Opinion: COVID-19 exposes faults in fast-fashion industry

Michelle Jin, Staff Writer

Art by Grace Tseng

The term “fast fashion” is used to describe inexpensive designs that move quickly from the catwalk to stores to meet new trends, and get the latest designs to a wide variety of consumers at affordable prices. Fast fashion is cheap, easily accessible and trendy. Since the start of COVID-19, there have been many changes in the fast fashion industry.
Fast fashion was undergoing major changes even before the pandemic, but since it began, major clothing company’s sales are decreasing significantly. The industry has been negatively affected on every level from retailers to supply chains. Boarded storefronts, evaporated foot traffic, and a sharp decline in consumer confidence have all pushed sales to nosedive. For example, although Zara’s online sales grew by 74%, it made a loss of $235 million in the first half of 2020. The pandemic has caused a dramatic economic contraction and sudden drop in demand. Street stores have been massively impacted by store closure; for example, H&M has announced it will be closing 70% of its stores worldwide. Many brands, such as J.C. Penney, J. Crew, and Neiman Marcus, are filing for Chapter 11 bankruptcy protection.
One of the biggest concerns with fast fashion is a lot of it is impulse and occasion driven. The companies make most of their profit from in-store impulse purchasing. Therefore, when stores close due to the pandemic, people aren’t able to try on clothes and see them in person, which isn’t as convenient. That’s why impulse purchasing drops when consumers can’t visit stores in person. Also, as people are going to fewer events, occasion-driven purchasing drops as well.
The strength of fast fashion is the price point. As people become more price-focused, sustainability and ethics may end up getting tabled. Fast fashion is not sustainable as the fashion industry is the second-largest industrial polluter, making up 10% of global pollution. A number of consumers don’t have the exclusivity or money to shop sustainably. The low prices that fast fashion companies offer are something that in uncertain economic times appeal to many customers. Convenience has become very important and although this is beneficial for the consumers, the workers behind the companies are overworked and underpaid. Garment workers are often forced to work 14 to 16 hours a day, 7 days a week. Their minimum wage is so low ($95 a month in Bangladesh) that they can’t afford to refuse overtime.
The worst hit of all will be the garment workers at the bottom of the fast-fashion supply chain. Workers in garment-producing places will be especially vulnerable to exploitation, both by the brands and their governments. Many manufacturers are now struggling with liquidity shortage and paying employees, which is leading to layoffs and factory closures. For instance, Bangladesh is the world’s second-largest apparel exporter of western fast fashion brands. A report by Bloomberg found that an estimated 1,089 garment factories in Bangladesh have had orders canceled due to the COVID-19 outbreak, costing around $1.5 billion. Some factories have shut down indefinitely, and some workers were given less than a month’s salary as compensation, but many received nothing at all. Thousands of garment workers have recently returned to work across Bangladesh as factories begin to reopen and resume production. This is going against advice from the ministry of health, raising concerns over the risk of infection to workers and their communities. This has highlighted that some companies are still putting profit over people. From a lack of care for sustainability to disregarding the safety of their workers’ well-being, fast fashion is showing the negative side of the industry, more than ever before, during the global pandemic.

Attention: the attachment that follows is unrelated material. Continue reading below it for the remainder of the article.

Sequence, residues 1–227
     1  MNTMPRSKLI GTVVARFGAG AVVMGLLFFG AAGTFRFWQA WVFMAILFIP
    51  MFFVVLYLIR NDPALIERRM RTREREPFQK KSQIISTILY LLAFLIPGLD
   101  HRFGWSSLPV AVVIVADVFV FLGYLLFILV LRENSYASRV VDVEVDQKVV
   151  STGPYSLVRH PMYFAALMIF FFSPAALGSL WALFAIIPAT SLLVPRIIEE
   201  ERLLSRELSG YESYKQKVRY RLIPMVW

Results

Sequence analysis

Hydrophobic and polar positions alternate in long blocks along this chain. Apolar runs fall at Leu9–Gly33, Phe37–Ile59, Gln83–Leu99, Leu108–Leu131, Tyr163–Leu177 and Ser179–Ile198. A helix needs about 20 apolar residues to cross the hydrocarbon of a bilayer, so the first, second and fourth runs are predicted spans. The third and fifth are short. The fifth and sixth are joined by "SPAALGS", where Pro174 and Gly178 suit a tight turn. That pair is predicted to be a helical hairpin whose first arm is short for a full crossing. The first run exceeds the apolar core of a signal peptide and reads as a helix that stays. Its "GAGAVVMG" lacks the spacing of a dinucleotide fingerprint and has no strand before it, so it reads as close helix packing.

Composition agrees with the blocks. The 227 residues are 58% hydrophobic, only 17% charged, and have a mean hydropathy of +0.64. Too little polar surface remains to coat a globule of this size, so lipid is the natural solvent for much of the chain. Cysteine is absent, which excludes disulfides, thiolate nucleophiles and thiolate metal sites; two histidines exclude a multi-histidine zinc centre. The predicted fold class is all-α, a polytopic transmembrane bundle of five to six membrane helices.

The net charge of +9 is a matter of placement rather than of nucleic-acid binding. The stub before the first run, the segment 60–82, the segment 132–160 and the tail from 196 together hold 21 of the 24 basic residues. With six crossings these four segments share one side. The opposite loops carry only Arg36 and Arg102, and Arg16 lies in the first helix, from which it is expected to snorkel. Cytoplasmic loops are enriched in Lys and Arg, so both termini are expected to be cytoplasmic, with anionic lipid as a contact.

In a time of fear and uncertainty, many non-profit organizations have shown support and offered help to those who were affected. One non-profit organization in Bangladesh is working to protect garment workers and is fighting for a living wage for some of the poorest people in the country. One company that is keeping its workers safe and paid during the pandemic is Everlane. Although most of their factories are still open, they have been in constant communication with the factories and suppliers, and the workers are following government guidelines and staying socially distanced. This pandemic has potentially put the brakes on major aspects of consumerism. The negative effect of COVID-19 on fast fashion has left workers jobless, sales to decrease, and leftover clothing from overproduction. There are people and organizations who are helping, but it’s not enough. Hopefully, this unique set of circumstances can bring a positive change in the fashion industry.